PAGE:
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  • Natarajasana: Shiva’s Dance

    In Indian mythology, the shape-shifting god Shiva famously assumes the form of a dancer at times. Being a god, however, Shiva is not just any dancer. He is, in fact, the literal Lord of the Dance, Nataraj, from the Sanskrit natar-rajan, or “dance king.” In this rollicking form, Shiva is often depicted encircled in flames, four arms flung in all directions, one foot crushing a small, misshapen figure that represents ignorance, while the other kicks out in enlightened joy. Shiva dances to destroy, and he destroys in order to create. In Shiva’s dance, sublimating the veil of ignorance brings about...

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  • Flax, Herbal or Beads—What’s the Best Eyebag Filling for You?

    They may seem small and humble, but eyebags are a powerful tool for promoting relaxation. Whether you’re practicing yoga asana or just needing a five-minute break, resting with an eyebag can help smooth the jagged edges in your nervous system. An article in Yoga Journal claims that applying gentle pressure to the eyeballs promotes deep rest, and even happiness: “Light pressure on the eyeballs lowers heart rate, sometimes by quite a bit, by eliciting what’s called the oculocardiac reflex. It also stimulates the vagus nerve. The vagus nerve has an extensive resume: It regulates heart rate and digestion, and it’s...

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  • Meatless Monday: Cauliflower Steak

    When I was growing up, the rare occasions when we would have steak were always cause for celebration. My Depression-era parents rarely sprung for expensive cuts of meat, but when they did it was always noted and appreciated. By everyone except me. I couldn’t figure out what the big deal was. I didn’t care much for any kind of meat, but I really couldn’t stand steak. Nothing about it was appealing—the heaviness, the texture, the aggressiveness of the flavor. The fact that it was a big deal in my family made me feel clueless, but I couldn’t argue with my...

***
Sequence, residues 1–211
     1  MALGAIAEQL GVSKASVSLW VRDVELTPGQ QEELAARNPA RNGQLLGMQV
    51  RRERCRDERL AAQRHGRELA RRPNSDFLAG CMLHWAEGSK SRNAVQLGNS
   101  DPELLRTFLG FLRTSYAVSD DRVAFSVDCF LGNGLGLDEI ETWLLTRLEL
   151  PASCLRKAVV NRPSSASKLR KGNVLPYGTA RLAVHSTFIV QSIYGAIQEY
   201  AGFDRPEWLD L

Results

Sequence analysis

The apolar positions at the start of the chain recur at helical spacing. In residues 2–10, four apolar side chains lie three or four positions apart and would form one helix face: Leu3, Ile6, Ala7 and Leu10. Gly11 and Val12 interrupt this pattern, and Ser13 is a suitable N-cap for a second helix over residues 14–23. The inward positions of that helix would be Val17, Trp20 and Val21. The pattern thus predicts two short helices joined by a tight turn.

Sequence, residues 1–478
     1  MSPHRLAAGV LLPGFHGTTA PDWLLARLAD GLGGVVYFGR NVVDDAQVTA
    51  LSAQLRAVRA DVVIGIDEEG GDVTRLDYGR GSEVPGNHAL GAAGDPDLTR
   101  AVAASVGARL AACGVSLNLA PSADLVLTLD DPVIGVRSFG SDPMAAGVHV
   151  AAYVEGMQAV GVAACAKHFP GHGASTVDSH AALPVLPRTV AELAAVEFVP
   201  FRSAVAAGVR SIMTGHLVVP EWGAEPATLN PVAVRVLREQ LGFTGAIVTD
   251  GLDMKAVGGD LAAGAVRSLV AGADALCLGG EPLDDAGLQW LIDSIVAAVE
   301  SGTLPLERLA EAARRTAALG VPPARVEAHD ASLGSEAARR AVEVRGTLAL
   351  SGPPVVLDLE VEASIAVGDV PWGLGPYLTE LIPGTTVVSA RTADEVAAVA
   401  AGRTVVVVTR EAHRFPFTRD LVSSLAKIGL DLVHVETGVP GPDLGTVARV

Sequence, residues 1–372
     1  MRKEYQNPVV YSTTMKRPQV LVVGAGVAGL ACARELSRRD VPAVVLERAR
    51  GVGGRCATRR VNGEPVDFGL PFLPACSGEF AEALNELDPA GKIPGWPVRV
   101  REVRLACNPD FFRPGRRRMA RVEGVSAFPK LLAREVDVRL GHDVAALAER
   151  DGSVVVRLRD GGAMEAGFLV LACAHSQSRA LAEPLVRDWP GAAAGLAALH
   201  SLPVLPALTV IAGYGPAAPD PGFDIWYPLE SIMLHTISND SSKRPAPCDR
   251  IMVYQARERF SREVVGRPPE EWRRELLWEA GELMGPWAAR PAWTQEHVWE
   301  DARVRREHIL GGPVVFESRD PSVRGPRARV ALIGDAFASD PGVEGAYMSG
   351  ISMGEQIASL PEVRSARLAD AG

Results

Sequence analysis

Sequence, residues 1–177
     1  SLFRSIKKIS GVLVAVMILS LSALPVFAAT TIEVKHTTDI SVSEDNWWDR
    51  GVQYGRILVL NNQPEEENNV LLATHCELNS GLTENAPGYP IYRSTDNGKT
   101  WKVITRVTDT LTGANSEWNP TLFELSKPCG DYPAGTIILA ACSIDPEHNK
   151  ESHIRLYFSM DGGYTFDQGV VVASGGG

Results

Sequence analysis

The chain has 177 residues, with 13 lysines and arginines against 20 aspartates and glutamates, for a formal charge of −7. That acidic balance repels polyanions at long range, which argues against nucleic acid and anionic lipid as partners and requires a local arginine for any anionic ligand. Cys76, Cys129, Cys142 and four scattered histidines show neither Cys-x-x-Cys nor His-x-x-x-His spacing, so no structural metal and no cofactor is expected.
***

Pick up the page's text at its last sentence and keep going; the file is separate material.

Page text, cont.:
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  • Supported Bridge Pose: A Bridge to Healing

    In 1989, I went to India to study with B.K.S. Iyengar and his daughter Geeta. Studying yoga in India was an eye-opening experience. While there are many, many great teachers in other parts of the world, there is something about practicing in the place where yoga began. The rhythm of life in India is just so different from that of the West. I don’t know how to describe it without sounding New Agey, so I’ll leave it at this: I’ll just say that it was an immersive experience—definitely tangible, but also indescribable. On the more practical side, it’s undeniable that...

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  • Sukhasana: Easy Pose? Not Necessarily

    The definition of Yoga, according to Alistair Shearer’s translation of the Yoga Sutras of Patanjali, is “the settling of the mind into silence.” Asana (the physical practice)—like all the other aspects of yoga—is meant to support the settling of the mind. Some sutra scholars believe that asana was originally conceived to be just the simple sitting posture for meditation, Sukhasana (Easy Pose). All the other poses were developed to prepare the body for Sukhasana. Despite its name, Easy Pose, as anyone who’s practiced meditation likely knows, when you sit in Sukhasana for any length of time, it is anything but easy...